Another source of inspiration is Heather Rutherford, founder of Blended, an organizational learning solutions company. With a philosophy centered on the 70-20-10 framework, Blended supports clients in implementing a simple and powerful architecture supported by best-practice tools and resources to increase engagement, improve productivity, efficiency and performance.
The Internet Time Alliance helps clients understand and embrace complexity and adopt new ways of working and learning. We ask the tough questions and explore the underlying assumptions of how they do business. Then we work with them to develop strategies and plans for transformation and improvement. Email me for information on working with the Alliance.
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Citrix sponsored the research and writing of much of the material in this set of posts. Please visit CitrixOnline to see the original paper in its entirety.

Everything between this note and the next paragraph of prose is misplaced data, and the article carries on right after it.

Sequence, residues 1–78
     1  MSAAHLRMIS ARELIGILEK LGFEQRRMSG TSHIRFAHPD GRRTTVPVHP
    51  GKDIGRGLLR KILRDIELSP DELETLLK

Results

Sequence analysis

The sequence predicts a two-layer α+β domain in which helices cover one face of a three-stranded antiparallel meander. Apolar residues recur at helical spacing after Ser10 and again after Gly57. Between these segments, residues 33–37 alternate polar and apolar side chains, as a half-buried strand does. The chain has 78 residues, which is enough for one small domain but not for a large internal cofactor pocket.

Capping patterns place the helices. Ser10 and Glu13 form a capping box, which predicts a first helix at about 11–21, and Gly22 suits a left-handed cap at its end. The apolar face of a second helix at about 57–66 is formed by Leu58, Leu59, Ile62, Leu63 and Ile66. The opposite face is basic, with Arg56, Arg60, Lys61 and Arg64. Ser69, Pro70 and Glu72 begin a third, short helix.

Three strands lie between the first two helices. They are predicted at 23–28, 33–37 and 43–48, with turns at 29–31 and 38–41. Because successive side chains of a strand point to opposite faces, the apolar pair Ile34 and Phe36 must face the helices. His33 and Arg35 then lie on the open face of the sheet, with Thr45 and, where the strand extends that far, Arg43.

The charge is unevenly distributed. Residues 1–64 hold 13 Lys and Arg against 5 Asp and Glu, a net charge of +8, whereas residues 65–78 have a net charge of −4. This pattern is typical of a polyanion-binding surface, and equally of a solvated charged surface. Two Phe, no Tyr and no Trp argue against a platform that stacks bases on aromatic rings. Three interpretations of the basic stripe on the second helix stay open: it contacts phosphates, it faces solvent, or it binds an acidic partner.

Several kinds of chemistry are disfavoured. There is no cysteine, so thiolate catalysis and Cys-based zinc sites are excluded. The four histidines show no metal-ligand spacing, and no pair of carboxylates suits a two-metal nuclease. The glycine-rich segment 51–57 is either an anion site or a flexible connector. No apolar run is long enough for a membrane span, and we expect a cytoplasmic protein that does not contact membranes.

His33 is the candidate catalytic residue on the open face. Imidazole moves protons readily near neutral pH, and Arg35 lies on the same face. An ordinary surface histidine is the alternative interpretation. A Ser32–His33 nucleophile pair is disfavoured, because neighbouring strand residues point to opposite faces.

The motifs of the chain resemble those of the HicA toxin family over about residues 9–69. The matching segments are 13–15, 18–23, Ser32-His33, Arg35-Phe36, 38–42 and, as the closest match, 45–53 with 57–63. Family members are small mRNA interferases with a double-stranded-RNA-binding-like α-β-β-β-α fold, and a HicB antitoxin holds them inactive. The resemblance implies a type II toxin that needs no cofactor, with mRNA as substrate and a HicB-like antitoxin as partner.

Jay Cross is an author, advocate and raconteur who writes about workplace learning, leadership, organizational change, innovation, technology and the future. His educational white papers, articles and research reports persuade people to take action.
Jay has challenged conventional wisdom about how adults learn since designing the first business degree program offered by the University of Phoenix. A champion of informal learning and systems thinking, Jay’s calling is to create happier, more productive workplaces. He was the first person to use the term eLearning on the web. He literally wrote the book on Informal Learning. He is currently researching the correlation of psychological well-being and performance on the job.
Jay works from the Internet Time Lab in Berkeley, California, high in the hills a dozen miles east of the Golden Gate Bridge and a mile and a half from UC Berkeley. People visit the Lab to spark innovation and think fresh thoughts.He is a graduate of Princeton University and Harvard Business School.